Kachinas Native Art


from the

Heard Museum, Phoenix, Arizona



Kachinas (also spelled Katsina, the plural "katsinam") exist in Hopi and in Pueblo cosmology and religious practices.


In Hopi, the word Kachina (Katsina or Qatsina) means literally "life bringer", and can be anything that exists in the natural world or cosmos. A Kachina can be anything from an element, to a quality, to a natural phenomenon, to a concept.


There are more than 400 different Kachinas in Hopi and Pueblo culture.


The Zuni believe that the Kachinas live in the Lake of the Dead, a mythical lake which is reached through Listening Spring Lake located at the junction of the Zuni River and the Little Colorado River.


Within Hopi mythology, the Kachinas are said to live on the San Francisco Peaks near Flagstaff, Arizona. The most important Hopi Kachinas are called wuya.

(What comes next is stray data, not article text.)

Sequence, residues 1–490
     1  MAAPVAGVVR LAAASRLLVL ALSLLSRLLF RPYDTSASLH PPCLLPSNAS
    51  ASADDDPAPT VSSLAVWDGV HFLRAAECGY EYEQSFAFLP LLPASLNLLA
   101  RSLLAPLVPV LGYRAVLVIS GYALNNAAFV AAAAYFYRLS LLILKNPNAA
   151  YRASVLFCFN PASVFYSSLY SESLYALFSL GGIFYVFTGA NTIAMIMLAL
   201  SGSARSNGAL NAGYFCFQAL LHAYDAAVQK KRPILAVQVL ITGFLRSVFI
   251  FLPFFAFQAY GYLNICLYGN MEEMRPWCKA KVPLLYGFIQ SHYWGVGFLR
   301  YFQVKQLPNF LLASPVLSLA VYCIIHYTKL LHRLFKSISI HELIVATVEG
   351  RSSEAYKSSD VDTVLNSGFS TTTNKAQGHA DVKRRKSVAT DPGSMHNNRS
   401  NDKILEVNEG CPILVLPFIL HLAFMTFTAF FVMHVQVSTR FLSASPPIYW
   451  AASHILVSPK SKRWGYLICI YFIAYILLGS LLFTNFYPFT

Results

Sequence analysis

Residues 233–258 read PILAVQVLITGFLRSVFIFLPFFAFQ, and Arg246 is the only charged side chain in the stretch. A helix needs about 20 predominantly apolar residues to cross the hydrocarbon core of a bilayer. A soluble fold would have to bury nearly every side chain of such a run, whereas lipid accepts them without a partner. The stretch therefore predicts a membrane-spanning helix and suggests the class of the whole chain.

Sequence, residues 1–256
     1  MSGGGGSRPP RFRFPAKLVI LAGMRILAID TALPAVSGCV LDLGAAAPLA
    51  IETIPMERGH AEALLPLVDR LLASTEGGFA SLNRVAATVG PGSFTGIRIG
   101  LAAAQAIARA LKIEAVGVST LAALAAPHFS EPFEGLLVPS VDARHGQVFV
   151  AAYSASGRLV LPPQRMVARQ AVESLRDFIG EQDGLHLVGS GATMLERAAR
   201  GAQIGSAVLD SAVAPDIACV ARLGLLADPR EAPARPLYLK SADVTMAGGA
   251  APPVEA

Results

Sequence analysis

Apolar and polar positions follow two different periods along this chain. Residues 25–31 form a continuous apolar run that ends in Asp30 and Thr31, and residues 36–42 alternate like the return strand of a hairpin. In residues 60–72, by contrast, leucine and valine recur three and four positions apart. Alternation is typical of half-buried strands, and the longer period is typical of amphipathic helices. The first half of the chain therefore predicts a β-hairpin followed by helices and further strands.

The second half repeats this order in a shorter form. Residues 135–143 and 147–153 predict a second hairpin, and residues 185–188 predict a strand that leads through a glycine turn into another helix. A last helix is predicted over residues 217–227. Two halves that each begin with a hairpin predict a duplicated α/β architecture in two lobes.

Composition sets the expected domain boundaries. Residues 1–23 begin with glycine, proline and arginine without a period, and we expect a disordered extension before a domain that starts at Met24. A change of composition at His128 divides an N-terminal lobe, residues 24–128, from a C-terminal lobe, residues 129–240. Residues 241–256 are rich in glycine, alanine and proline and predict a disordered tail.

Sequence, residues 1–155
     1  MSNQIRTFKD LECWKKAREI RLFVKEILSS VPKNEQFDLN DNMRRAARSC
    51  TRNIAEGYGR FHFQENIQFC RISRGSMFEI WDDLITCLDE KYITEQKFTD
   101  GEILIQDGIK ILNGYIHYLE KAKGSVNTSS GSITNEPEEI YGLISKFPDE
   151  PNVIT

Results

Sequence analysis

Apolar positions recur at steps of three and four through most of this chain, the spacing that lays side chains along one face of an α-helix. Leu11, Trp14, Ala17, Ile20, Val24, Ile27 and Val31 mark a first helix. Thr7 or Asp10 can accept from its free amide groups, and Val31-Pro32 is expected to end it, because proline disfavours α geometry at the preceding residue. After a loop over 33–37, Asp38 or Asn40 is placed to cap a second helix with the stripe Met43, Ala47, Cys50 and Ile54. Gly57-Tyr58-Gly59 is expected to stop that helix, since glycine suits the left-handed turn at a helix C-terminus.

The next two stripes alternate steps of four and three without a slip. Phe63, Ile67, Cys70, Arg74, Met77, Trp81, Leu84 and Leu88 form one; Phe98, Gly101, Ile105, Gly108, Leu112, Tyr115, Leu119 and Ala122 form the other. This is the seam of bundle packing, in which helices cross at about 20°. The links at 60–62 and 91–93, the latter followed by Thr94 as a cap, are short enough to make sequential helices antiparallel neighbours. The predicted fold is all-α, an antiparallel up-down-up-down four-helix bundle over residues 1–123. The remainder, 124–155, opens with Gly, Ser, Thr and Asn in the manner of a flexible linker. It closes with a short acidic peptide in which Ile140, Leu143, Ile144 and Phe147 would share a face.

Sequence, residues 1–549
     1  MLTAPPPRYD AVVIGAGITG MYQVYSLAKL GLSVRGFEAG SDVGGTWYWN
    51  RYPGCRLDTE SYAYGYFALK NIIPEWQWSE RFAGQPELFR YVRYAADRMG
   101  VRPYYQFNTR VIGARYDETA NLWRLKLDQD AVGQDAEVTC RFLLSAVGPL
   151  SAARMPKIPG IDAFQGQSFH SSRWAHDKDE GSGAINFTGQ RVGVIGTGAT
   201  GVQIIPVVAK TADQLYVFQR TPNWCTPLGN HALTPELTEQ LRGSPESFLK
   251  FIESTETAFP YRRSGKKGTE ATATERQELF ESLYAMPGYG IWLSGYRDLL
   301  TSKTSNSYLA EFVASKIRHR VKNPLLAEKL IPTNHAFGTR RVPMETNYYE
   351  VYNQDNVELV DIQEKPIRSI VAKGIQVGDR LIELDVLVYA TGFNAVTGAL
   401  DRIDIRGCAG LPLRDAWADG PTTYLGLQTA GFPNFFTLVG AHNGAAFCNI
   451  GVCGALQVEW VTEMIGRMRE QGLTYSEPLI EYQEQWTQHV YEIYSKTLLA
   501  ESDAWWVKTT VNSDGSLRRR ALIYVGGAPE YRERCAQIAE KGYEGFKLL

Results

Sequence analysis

Among the Hopi, Kachina dolls are traditionally carved by the uncles and given to uninitiated girls at the Bean Dance (Spring Bean Planting Ceremony) and Home Dance Ceremony in the summer. The function of the dolls is to acquaint children with some of the many Kachinas.


In Hopi the word is often used to represent the spiritual beings themselves, the dolls, and the people who dress as Kachinas for ceremonial dances, which are understood to all embody aspects of the same belief system. Among other uses, the Kachinas represent historical events and things in nature, and are used to educate children in the ways of life.

Text from Wikipedia





Kachinas Native Art

Elderhostel Heard Museum Statehouse

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